You’re not a CEO yet. Does it bother you?
The way I look at it is that if you start your company, you can be the CEO from Day 1. Designations are just designations. I think if you love what you do, have a ball, vision, that’s more important for me. Designations are just shells. It’s the person who makes the designation count.
You’re a marketer, teacher, speaker, author, columnist, mentor and investor. Is there a role you haven’t played and looking forward to?
I have been helping the government on a lot of initiatives and I am very passionate about how Digital can transform India. In future, I want to play a prominent role in helping India leapfrog into digital revolution and I’m really excited about it!
Which role is the closest to your heart?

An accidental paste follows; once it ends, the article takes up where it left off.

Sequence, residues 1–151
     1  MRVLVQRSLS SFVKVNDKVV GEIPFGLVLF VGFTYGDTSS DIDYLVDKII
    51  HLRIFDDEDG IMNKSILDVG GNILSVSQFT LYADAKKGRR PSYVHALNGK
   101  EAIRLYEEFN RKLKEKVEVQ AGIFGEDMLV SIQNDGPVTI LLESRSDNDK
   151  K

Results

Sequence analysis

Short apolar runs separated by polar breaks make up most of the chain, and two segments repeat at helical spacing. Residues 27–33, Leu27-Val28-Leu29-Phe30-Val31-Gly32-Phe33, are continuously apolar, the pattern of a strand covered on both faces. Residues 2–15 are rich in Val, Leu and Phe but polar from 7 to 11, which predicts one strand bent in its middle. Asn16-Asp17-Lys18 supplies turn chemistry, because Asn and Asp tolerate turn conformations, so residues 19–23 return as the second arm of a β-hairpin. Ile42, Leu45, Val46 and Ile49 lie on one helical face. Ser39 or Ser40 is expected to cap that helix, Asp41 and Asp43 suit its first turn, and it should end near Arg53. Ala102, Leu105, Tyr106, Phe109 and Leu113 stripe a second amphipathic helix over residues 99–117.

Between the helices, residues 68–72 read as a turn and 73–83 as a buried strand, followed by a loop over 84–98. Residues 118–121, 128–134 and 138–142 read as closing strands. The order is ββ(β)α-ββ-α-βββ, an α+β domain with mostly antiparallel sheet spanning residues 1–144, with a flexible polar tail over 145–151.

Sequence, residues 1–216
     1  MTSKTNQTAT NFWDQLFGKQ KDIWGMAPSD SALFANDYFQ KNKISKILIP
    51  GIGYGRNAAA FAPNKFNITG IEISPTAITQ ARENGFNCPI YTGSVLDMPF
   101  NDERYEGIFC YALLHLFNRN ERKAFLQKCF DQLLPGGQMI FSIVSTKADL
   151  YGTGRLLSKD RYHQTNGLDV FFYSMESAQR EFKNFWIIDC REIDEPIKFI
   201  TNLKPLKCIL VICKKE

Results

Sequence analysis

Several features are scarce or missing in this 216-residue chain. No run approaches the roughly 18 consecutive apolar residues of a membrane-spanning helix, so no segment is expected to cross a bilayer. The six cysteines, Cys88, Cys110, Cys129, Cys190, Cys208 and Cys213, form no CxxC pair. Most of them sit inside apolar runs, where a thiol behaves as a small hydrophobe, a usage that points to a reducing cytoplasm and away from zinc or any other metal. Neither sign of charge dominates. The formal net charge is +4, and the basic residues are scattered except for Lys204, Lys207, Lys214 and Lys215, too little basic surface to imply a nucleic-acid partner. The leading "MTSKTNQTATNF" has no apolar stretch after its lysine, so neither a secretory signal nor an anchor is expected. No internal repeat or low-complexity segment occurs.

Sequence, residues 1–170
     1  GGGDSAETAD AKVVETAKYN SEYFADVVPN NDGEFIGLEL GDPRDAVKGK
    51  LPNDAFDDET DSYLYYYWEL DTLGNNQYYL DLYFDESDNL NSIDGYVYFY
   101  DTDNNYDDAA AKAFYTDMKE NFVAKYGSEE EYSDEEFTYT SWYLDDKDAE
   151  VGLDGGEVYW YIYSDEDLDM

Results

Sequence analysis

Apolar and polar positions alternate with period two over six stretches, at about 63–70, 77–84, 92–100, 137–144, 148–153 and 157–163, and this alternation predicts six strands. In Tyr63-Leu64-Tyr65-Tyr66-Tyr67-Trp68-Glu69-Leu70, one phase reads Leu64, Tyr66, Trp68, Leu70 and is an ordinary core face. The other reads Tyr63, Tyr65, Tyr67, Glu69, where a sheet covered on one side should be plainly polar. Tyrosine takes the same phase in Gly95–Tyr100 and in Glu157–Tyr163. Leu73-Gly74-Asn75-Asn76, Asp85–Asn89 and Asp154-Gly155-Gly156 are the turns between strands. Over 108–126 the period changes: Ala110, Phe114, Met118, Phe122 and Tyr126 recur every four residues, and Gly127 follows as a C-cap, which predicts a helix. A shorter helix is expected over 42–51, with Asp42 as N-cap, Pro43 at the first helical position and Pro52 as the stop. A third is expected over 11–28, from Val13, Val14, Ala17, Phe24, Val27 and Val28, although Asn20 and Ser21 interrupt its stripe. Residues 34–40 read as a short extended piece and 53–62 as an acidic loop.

It’s helping entrepreneurs as an investor. I have made couple of investments in companies like INNOV8 (co-working space), Simulanis (VR company) and feel privileged to help such outstanding young people in the quest to realize their dreams.
What about the role of a teacher? Is it satisfying…
When I was studying in school/college, there were some teachers whom I never found passionate enough. Today, I am not teaching because it’s my job. I am doing it because I like to share what I have learnt. You get so much love and respect back from the students and some of them end up doing so well that it’s just priceless! It’s a fantastic feeling!
HCL is about technology and it is something that has a worldwide impact. How is it empowering humans to live a more meaningful life?
The entrepreneurial culture at HCL is creating an army of entrepreneurs who not only create inside HCL but many of those quit, go outside, start companies and run other companies. That is a major contribution towards nation-building. We call this culture ‘ideapreneurship’ where we let employees figure out personal ways to achieve goals.
Technology has also, in a way, hijacked lives. Do you think it has proven destructive in some way?